The Kawasaki C-2 military transport freighter, the largest aircraft manufactured in Japan, will be able to take on strike missions. According to the Japan Times, the country’s Ministry of Defense (MOD) is considering using the aircraft as a long-range missile launch platform.
The outlet stated that the government of Japan would have even reserved an amount of 3.6 billion yen (about US$ 25 million) in the fiscal 2023 budget to start technical research with the Kawasaki plane.
The Japanese newspaper, citing ministry sources, says the proposal to launch missiles from the C-2 does not require major modifications to the aircraft.
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The publication uses the United States Air Force (USAF) as an example, which has experience in launching missiles with freighters.
In 2021, the USAF conducted a flight-launch test of a “palletized munition” from the tailgate of a C-130 Hercules in the context of the USAF’s Rapid Dragon program (read more below).
The parachute payload contained an AGM-158 Joint Air-to-Surface Standoff Missile, or JASSM, which hit a target in the sea. According to the Japanese publication, there is a possibility that this system will be adopted in the C-2.
Employing such a system on the Kawasaki C-2 aircraft would serve to improve Japan’s defense capabilities and provide a long-range means of attack, considering the context of current geopolitical tensions with China, as reported by the Japanese newspaper.
The JASSM missile, manufactured in the USA by Lockheed Martin, has a range of 900 km, being capable of hitting land and naval targets.
Replacement of the C-1 airlifter
The development of what would become the C-2 military freighter began in 1995, when MOD concluded that there were no aircraft in production that had the necessary characteristics for operation in the Japan Air Self-Defense Force (JASDF).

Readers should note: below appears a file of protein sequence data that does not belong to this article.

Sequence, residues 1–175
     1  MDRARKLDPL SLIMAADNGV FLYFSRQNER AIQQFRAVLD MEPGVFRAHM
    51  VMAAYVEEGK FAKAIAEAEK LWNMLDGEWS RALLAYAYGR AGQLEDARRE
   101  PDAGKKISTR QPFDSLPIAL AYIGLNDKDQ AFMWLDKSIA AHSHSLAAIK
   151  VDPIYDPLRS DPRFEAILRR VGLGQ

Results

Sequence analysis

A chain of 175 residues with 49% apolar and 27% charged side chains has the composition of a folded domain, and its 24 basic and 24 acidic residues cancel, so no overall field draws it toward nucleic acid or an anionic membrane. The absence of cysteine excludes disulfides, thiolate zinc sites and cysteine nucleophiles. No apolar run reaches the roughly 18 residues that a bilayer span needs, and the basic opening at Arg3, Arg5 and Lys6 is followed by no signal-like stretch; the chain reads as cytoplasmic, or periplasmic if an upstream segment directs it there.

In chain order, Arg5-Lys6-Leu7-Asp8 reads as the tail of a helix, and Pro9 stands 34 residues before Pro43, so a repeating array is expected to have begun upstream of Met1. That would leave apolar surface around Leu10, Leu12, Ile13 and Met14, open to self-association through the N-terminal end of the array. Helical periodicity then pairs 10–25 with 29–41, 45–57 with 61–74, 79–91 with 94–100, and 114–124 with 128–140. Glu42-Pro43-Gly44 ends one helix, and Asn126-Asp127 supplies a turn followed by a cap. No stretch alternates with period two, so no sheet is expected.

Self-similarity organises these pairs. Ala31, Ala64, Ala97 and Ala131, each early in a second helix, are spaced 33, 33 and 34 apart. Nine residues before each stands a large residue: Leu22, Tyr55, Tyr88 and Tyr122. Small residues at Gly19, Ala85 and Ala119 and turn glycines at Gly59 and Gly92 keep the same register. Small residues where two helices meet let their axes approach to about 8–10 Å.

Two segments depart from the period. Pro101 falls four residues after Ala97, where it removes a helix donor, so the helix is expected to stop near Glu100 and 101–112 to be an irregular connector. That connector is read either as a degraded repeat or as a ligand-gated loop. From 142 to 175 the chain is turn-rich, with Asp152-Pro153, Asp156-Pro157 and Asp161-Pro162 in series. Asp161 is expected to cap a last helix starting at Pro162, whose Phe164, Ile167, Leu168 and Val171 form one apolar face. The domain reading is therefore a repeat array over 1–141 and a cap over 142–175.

The C-2 flew for the first time on January 26, 2010. The plane was designed to replace another Kawasaki freighter, the former C-1. The aircraft with state-of-the-art features entered service in the country in 2016 and today the fleet has 15 active aircraft – including an RC-2, for electronic warfare.
The C-2 can fly with a maximum payload of 37 tons, but this reduces its range to 4,500 km. Carrying 20 tonnes – the approximate weight of two palletized JASSM systems – the Kawasaki’s range rises to over 7,000 km. As a comparison, the KC-390 holds up to 26 ton (with limited range of 2,000 km).
A technological improvement of a rustic attack technique, the launching of so-called palletized munitions by cargo planes is the object of study of the Rapid Dragon program, conducted by the USAF since 2020.
The evaluations include tests with C-130 and C-17 Globemaster aircraft prepared to launch in flight the weapons containers that fire during the descent. With precision equipment and long range, the old technique of pushing bombs through the doors of freighters gained new meaning, in addition to the low cost of the operation by dispensing with a dedicated attack aircraft.
With a palletized ammunition system, Japan can transform the hitherto “peaceful” C-2 into a ferocious long-range bomber with few modifications.